To paraphrase Laurence Olivier when he confronted a bedraggled looking Dustin Hoffman who had been up all night so that he could play a man who had been up all night, he asked "why don't you try acting, dear boy?" I'd change that to "why not try photography, dear boy".

I admit to not being against hosing everything down with thousands of low quality frames in the hope of getting a result - it makes the photographers with an eye for a picture and the technical capability to capture it even more valuable than they are now. If a person can't see a picture when it happens, what hope they will see it among thousands and thousands of choices?

Let the dumbing down commence - it can do nothing but improve my bank balance Wink
mikehit 9 8.0k 13 United Kingdom
29 Sep 2014 7:36AM
Excellent thoughts, Lemmy Can I file that and quote it to anyone pompously decrying the death of photography?
Chris_L 5 5.0k United Kingdom
29 Sep 2014 8:34AM

Quote:180 seconds of 25fps gives me 4,500 frames of lossily compressed jpgs at rather less than the optimum quality the camera can produce. If each frame is looked at - not edited - for just 5 seconds that is 6hrs 15m of work. This is easier than taking stills?

I think the 6 hours and 15 minutes is a fallacy. If you were a picture editor you'd watch the clip in the same way you'd watch any short 3 minute film. You'd hit pause when you saw what you liked and you'd scrub a few frames back or a few frames forward. You would have hit pause when you "saw the composition and attitudes come together reasonably well" in the same way you shot your 8 frames when that happened - the picture editor would act like a stills photographer, difference is he can rewind time.

I hate putting the other side of the argument because it horrifies me to think that one day we might look back at how video killed the photo star Sad We can see how a sports photographer using a drive mode of 20fps is virtually shooting video, we witness the convergence of the two formats with some of the most desirable enthusiast video cameras being primarily interchangeable lens stills cameras.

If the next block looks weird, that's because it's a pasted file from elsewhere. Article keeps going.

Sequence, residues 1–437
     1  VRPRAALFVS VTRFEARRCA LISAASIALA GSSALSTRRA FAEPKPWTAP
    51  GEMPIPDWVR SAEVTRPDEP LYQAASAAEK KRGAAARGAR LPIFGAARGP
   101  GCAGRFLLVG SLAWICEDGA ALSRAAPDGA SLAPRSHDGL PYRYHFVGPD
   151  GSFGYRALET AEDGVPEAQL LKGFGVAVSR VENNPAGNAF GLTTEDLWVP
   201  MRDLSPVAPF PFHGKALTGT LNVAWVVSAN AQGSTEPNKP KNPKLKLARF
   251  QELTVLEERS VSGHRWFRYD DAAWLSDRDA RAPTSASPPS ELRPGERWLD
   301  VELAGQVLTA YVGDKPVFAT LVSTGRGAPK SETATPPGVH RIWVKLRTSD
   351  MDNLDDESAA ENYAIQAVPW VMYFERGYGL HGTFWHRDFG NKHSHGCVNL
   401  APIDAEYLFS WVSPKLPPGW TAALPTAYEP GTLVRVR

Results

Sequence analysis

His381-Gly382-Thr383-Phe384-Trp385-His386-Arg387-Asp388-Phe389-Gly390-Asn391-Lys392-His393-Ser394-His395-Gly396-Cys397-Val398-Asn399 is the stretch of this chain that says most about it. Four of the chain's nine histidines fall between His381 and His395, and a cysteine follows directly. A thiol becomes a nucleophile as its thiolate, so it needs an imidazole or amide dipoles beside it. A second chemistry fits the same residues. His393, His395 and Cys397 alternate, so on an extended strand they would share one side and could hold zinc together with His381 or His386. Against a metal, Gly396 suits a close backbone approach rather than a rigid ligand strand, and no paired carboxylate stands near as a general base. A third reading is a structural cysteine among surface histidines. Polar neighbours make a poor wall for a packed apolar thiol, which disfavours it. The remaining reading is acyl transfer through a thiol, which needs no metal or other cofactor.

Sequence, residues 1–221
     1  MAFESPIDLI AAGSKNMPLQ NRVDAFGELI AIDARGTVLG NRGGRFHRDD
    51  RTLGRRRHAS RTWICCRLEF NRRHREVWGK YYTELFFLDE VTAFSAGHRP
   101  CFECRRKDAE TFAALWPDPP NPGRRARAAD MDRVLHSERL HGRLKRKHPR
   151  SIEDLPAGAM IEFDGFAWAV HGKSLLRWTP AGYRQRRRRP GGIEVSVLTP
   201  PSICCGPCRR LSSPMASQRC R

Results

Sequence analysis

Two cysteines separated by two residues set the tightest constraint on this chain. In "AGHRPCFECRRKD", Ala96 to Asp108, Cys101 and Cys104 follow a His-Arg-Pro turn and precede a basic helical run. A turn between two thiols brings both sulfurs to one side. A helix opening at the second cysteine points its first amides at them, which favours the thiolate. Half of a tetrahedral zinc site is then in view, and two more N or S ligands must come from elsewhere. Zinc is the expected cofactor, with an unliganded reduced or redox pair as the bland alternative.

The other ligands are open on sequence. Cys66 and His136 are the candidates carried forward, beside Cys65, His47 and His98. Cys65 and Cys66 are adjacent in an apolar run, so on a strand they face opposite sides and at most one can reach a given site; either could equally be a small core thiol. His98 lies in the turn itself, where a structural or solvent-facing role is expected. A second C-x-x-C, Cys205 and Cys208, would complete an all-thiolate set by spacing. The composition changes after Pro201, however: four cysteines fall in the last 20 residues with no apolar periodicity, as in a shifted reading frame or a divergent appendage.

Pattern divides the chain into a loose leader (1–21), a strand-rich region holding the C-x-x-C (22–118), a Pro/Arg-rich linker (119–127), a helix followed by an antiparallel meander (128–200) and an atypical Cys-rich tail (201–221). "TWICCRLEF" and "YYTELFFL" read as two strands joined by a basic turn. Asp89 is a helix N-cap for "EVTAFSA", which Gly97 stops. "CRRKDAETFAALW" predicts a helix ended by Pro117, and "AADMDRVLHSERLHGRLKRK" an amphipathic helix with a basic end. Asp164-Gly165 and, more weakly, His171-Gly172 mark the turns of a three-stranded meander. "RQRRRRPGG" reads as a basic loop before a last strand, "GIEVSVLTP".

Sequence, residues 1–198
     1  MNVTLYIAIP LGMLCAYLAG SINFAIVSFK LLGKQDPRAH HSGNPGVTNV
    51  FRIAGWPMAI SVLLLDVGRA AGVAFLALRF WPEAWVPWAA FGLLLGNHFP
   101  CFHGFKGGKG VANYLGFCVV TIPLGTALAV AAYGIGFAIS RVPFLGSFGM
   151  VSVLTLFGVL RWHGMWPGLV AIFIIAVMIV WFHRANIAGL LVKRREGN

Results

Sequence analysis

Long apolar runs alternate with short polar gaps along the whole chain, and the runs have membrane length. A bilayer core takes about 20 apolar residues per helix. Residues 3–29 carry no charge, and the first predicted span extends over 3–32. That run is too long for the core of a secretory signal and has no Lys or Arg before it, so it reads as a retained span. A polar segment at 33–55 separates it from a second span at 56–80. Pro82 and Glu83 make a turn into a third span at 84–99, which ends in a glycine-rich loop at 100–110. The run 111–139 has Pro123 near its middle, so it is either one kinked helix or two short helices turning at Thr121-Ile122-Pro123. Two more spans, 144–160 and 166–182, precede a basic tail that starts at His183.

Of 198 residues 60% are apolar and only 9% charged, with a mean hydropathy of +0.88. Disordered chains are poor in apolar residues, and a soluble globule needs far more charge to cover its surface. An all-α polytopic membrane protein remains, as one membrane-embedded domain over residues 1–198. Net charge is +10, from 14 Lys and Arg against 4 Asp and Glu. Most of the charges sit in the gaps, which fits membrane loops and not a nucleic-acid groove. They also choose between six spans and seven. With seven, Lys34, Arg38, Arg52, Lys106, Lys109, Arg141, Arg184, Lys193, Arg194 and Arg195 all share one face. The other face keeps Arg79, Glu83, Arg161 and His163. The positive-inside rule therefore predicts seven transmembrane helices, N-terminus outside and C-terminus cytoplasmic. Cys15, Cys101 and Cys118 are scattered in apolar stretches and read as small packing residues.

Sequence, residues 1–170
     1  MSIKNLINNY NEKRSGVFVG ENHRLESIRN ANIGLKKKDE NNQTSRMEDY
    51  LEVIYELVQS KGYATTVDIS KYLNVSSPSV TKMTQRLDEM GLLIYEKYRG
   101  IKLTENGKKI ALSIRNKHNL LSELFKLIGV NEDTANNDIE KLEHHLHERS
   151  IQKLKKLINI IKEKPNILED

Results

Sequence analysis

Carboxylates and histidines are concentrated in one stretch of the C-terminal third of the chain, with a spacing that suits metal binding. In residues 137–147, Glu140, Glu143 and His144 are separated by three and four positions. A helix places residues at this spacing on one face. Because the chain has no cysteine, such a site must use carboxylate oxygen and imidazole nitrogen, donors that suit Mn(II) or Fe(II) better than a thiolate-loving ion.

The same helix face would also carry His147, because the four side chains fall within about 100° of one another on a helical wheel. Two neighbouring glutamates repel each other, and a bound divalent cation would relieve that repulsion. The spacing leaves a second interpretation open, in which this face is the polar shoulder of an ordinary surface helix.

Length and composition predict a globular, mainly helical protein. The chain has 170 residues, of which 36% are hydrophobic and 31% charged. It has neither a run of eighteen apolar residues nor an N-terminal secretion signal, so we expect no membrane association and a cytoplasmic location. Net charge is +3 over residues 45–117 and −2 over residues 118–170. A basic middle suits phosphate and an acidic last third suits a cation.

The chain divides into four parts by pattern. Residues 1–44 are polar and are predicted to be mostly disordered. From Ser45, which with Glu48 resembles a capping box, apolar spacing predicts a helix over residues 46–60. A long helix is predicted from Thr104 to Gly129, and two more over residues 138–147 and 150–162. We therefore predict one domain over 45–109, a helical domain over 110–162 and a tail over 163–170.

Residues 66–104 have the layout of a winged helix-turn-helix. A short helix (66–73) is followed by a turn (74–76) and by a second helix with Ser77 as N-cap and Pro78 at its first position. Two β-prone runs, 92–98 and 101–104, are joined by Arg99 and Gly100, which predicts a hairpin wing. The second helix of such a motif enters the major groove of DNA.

I'm not sure that video will replace stills any time soon.

Look at Hollywood with Panavision cameras, gorgeous film stock, 25k cinema lenses, the studios had and still have plenty of work for stills photographers. They are credited at the end of many movies.

I can get a 4k video on my screen now, when I hit pause it doesn't look as good as a still image. It looks like a 'video still'. Breaking Bad was shot in 4k, look at the publicity shots for it which are proper photos.

Remember also, if you shoot video at 25fps your longest shutter speed is 1/25s, that rules out a lot of styles of photography.
Carabosse 16 41.2k 270 England
29 Sep 2014 11:46AM
4k video is only the start of it. 6k and 8k is not too distant: those video resolutions can produce stills of 19MP and 33MP respectively.

The limiting factor, as already stated, is shutter speed. An ideal speed for video is not always compatible with stills. However even that may in the long term not be as much as an issue as at present. There is an experimental 8k broadcast camera around which shoots at 120fps.

I can imagine UHD video could be a boon for certain types of photography, e.g. street, wildlife etc. For static subjects there no advantage.

Incidentally, the AP article on the subject is worth a read. Smile
Chris_L 5 5.0k United Kingdom
29 Sep 2014 12:00PM
Images shot on a DSLR at 1/2000s look crisp, sharp and clean, high res video looks good when it's moving but hit pause...

Quote:an experimental 8k broadcast camera around which shoots at 120fps

Does this mean that its optimum shutter speed is 1/120s? Using a rolling shutter too?

Speeds like 1/25s and 1/120s aren't good for wildlife and even some street photography, it's going to show up camera and subject movement.